By Dan Steinberg
Washington Post Staff Writer
Monday, October 29, 2007
FOXBOROUGH, Mass., Oct. 28 -- Bill Belichick's first thoughts upon handing a Hall of Fame coach the worst loss of his storied career?
"I thought that was, um, I thought that was a solid, uh, performance by our team today," Belichick mumbled.
"Solid" is perhaps one word for the 52-7 whipping Belichick's New England Patriots administered to Joe Gibbs's Washington Redskins on Sunday, a result that continued the Patriots' ruthless clear-cutting of every obstacle the NFL has put in their path. Gibbs offered a few additional descriptions.
"I don't know of a weakness they have," he said. "I don't think you could say enough good things about them. That's kind of the way I look at it. You've got to give them all the credit. I just know they were real, real good against us."
Let the record show that the Patriots have also been "real, real good" against everyone else in this two-month span of near-perfection. Witness their record (8-0), their margin of victory (25.5 points per game), their 30 touchdown passes (to 10 allowed). Consider their 79-7 scoring advantage in the first quarter, their 2.25 punts per game, their 48.8 percent success rate on third downs. Or just think about this: the defending Super Bowl champion Indianapolis Colts are also undefeated, and yet New England's upcoming opponent has become almost an afterthought as the Patriots have stomped through the first half of their schedule.
So surely the team's star players could look beyond Belichick's coach-speak and admit they're in the midst of something special, right?
"We're just focusing on the task at hand and making sure we get better for next week," safety Rodney Harrison said.
"I know there were some mistakes that we made and we just have to correct them," running back Kevin Faulk said.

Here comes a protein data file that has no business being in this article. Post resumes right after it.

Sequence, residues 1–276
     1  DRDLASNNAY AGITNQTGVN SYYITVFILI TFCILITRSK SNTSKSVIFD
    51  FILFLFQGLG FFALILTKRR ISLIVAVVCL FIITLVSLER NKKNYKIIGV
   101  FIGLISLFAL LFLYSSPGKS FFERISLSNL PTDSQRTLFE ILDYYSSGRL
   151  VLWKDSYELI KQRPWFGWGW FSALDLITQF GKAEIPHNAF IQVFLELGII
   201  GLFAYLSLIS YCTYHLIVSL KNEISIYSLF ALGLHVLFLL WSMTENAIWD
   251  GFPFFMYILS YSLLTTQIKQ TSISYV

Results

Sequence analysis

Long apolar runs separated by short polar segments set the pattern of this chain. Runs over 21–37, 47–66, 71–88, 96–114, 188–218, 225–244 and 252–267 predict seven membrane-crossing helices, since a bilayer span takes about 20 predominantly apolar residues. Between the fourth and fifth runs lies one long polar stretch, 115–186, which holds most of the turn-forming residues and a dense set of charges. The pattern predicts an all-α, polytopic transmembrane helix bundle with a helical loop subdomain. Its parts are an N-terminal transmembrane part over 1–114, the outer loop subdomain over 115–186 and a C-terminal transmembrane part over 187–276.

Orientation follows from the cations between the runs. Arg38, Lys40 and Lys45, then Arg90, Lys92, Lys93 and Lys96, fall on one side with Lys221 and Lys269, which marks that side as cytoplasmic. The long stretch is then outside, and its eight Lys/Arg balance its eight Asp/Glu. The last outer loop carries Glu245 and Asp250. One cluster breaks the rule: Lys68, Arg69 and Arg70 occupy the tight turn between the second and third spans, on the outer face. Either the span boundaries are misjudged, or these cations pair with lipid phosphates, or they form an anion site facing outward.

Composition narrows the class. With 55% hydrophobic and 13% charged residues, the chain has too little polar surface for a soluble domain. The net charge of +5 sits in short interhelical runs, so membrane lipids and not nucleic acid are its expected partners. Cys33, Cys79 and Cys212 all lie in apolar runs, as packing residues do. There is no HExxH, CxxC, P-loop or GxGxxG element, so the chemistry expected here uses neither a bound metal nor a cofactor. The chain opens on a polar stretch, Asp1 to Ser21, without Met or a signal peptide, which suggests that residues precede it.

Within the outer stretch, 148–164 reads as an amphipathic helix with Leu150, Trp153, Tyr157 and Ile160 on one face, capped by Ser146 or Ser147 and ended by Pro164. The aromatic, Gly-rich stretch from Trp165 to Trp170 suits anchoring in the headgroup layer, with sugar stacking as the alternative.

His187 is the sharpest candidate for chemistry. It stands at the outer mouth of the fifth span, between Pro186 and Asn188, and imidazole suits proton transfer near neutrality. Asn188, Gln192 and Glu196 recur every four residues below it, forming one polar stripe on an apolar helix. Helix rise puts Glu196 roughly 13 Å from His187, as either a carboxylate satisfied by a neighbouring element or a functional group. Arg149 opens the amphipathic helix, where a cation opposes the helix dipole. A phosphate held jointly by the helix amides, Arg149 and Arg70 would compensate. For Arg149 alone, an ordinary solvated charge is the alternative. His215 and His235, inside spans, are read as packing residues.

"Just trying to take these games and make improvements each week and try to put our best out there each week and build on the stuff that we screwed up," Tom Brady said.
Regardless of whether New England wants to acknowledge it, its dominance to this point will make next week's rematch of the AFC Championship game easily the most-anticipated game of this regular season. It will be the first time in NFL history two undefeated teams with at least seven wins have faced each other. The Colts, who rolled over the Carolina Panthers, 31-7, on Sunday, have beaten New England three consecutive times and have won 12 overall dating to last year.
"There's no better team in football than the Indianapolis Colts," Belichick said Sunday. "It will be a huge challenge for us."
"We know we have our work cut out for us," Brady added.
The Colts, who opened as five-point underdogs despite being at home, could say the same. New England is just the second team in NFL history to score at least 34 points in its first eight games, and Brady is on pace to shatter several NFL quarterback records. New England continued to attack after Sunday's game was well in hand, attempting and converting two fourth-down plays in the fourth quarter, but Belichick and his players said they were not sending a message to the Colts.
"We weren't thinking about the Colts," Harrison said. "We were thinking about the Redskins."
And what were the Redskins thinking after the game?
"They don't make mistakes," Washington tight end Chris Cooley said of the Patriots. "They've built a culture here. I mean, they're a mistake-free team. I think they pride themselves on that, they put themselves in the right place all the time, they give themselves the best chance to win. They played great today. That was a great team."